All animals need a habitat to live in. A habitat is any place where an animal lives and can meet its basic needs. An animal’s basic needs include: Food, Water, Shelter, and Space. For the purposes of this activity we will focus on food, water and shelter, but keep in mind that space is also an important component of an animal’s habitat. If an animal does not have access to food, water and shelter all together in a suitable arrangement, it cannot make that space its habitat.
The Nongame Conservation Section of Georgia DNR's Wildlife Resources Division offers a $1,000 grant to a third-, fourth- or fifth-grade teacher who demonstrates exceptional energy and innovation in teaching life sciences. Project proposals must include Georgia's nongame wildlife (animals not fished for or hunted and rare plants not harvested) as the context for learning curriculum standards.
One teacher is selected based on project design and how well the grant proposal questions are answered.
By Terry W. Johnson
In the real estate business it is often said the value of a property is determined by three things location, location, location. The same holds true for nesting boxes. Where you erect a bird house will determine what bird will nest there since all cavity-nesting birds prefer to nest in certain
habitats and will rarely nest anywhere else.
For that reason, try as we might, it is difficult to get an eastern bluebird to nest in a heavily wooded backyard or a screech owl to use a box in the middle of a large open yard.
Project WILD has been providing award winning, classroom tested, quality conservation education in Georgia, the U.S. and around the world for over 20 years. It is an environmental education program for students of all ages. This program is sponsored in Georgia by the Department of Natural Resources, Wildlife Resources Division and the Georgia Chapter of the Safari Club International.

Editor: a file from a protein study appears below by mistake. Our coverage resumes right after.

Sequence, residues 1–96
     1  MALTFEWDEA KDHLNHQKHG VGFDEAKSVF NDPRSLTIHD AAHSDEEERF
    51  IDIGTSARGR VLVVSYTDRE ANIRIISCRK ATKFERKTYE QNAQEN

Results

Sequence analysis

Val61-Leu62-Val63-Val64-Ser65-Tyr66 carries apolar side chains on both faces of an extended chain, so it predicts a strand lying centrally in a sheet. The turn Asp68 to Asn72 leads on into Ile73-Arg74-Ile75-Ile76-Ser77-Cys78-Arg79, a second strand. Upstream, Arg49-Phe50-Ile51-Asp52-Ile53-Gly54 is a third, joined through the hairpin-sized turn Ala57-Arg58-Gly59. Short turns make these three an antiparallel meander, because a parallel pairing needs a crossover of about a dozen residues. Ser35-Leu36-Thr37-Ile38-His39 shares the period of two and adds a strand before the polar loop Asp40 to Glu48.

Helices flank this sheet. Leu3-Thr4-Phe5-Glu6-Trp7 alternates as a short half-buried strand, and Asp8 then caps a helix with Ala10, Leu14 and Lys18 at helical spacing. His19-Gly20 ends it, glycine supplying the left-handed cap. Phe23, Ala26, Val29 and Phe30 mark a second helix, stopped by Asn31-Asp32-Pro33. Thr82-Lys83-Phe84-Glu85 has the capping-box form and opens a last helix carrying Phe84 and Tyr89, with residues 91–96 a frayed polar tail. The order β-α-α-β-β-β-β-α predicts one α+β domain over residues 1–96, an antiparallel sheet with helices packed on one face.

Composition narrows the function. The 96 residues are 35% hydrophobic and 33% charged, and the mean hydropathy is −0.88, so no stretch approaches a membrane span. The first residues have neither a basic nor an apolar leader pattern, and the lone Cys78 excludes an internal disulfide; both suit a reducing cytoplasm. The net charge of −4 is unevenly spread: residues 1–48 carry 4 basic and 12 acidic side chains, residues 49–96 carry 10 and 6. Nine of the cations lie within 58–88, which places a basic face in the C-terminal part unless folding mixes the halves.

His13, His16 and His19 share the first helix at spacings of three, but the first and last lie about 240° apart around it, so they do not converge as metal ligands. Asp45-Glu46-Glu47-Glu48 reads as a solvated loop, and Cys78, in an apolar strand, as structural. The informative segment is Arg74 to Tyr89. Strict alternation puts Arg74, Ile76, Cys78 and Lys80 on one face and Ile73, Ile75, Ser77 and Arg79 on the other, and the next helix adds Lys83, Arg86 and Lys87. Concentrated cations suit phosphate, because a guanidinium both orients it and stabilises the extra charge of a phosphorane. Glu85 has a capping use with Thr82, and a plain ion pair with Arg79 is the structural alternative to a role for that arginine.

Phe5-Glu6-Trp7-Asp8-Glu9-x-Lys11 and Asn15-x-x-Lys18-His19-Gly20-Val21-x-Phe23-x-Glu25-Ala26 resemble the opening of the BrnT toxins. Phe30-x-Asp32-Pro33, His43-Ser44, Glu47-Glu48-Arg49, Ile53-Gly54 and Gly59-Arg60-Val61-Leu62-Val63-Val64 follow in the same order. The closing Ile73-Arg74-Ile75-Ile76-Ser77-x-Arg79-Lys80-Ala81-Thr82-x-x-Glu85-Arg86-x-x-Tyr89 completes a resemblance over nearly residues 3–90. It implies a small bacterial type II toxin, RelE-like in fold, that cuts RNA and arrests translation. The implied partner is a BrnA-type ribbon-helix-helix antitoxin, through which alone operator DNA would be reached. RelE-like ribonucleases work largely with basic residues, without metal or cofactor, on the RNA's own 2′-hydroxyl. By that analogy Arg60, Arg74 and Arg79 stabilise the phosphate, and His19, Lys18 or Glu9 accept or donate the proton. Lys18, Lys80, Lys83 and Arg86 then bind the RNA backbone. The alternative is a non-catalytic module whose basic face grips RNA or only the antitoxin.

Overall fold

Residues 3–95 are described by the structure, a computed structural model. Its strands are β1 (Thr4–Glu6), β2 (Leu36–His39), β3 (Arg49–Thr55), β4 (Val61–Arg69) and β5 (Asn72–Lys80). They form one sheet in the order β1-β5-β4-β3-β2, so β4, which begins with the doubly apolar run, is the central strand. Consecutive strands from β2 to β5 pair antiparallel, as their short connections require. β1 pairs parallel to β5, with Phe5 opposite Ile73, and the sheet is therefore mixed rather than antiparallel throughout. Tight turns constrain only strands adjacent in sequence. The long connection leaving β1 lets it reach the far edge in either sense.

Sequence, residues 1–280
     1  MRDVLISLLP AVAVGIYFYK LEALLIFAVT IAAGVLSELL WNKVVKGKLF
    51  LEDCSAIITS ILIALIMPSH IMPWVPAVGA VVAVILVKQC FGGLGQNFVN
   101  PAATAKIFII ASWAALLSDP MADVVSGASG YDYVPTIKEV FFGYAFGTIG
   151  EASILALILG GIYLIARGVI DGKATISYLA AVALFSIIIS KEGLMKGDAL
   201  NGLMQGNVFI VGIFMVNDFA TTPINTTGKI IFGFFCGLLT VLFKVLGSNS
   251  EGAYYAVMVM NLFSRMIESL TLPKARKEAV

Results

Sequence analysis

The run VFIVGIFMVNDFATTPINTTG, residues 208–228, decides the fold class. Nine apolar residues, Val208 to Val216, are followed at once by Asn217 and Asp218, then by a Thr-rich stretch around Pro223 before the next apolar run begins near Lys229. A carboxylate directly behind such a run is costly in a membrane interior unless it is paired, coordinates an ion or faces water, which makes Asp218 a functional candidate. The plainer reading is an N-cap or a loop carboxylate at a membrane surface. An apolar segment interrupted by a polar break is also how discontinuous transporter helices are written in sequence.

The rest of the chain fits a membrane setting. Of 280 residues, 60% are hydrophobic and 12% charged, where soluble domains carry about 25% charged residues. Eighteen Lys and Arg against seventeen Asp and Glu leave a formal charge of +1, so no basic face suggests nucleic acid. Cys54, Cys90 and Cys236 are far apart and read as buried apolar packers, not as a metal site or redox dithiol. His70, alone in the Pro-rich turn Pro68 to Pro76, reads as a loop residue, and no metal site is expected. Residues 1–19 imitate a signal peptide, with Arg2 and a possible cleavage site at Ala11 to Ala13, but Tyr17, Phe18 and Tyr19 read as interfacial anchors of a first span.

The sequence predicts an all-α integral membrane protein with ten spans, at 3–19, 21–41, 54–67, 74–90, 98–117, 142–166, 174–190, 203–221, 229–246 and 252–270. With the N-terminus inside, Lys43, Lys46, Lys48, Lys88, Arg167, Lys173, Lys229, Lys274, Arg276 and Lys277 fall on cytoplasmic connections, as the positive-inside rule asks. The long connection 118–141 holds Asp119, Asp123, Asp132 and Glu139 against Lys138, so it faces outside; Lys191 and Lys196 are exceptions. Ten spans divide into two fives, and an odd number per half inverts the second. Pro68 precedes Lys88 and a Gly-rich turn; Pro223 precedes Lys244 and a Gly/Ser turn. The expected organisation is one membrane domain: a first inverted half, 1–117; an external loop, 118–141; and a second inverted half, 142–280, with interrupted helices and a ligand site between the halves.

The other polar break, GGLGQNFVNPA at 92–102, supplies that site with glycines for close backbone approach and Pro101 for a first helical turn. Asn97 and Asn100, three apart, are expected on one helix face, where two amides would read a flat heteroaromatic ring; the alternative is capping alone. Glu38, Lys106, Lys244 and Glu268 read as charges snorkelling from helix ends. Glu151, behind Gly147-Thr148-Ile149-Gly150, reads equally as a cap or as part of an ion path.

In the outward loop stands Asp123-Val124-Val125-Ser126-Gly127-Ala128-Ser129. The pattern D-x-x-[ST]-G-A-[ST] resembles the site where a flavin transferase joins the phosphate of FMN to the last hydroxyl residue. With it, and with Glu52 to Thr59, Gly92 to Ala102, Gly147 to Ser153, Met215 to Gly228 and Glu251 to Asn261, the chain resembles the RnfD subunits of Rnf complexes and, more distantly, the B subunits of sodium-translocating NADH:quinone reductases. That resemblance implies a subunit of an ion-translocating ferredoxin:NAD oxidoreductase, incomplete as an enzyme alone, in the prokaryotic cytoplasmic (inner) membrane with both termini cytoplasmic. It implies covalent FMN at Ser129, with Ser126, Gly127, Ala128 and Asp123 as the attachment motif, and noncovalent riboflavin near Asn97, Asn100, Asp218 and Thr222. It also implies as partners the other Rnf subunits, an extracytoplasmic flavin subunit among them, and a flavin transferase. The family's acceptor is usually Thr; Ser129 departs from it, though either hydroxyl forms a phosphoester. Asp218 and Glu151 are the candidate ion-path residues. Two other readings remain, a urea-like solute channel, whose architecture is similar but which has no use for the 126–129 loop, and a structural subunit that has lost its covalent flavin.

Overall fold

The Scholastic Clay Target Program (SCTP) exists to introduce school-age youth to the shooting sports and to facilitate their continued involvement by providing opportunities to safely and enjoyably participate and compete in a team-based sport led by trained adult coaches focused on enhancing the personal growth and development of their athletes.
WHAT IS NASP®?
Since 2003, the National Archery in the Schools Program has been an approved physical education program in Georgia. Since its beginning in Kentucky in 2002, NASP® is now taught in 47 states, and 10 countries. To date, more than 14 million students have gone through the program.
As part of GA DNR's Kids for Conservation initiative, the "Exploring Georgia's Wildlife" coloring book is a great teaching aid that covers native animals and plants, ecoregions, habitat requirements and more! These pages foster appreciation for Georgia's rich biodiversity, as well as motivate students and their families to embark on outdoor adventures close to home and throughout our great state.
Illustrations by Ami Flowers Staples: www.amiflowersart.com
Hey, kids! Would you like your artwork to appear on the 13th Annual Youth Birding Competition T-shirt? How about winning a Michaels gift card for free art supplies? Then plan on taking part in the 2018 T-shirt Art Contest. Check this page for details later this year. (Read about the 2017 contest and winners.)
The 2018 YBC is scheduled for April 27 & 28, with details coming in fall 2017.
Annual Youth Birding Competition
What is it?
The Youth Birding Competition is a 24-hour birding event during the peak of spring migration. Youth teams spend the day finding as many species as they can as they compete against teams their own age. The competition is capped off with a wildlife show and awards banquet.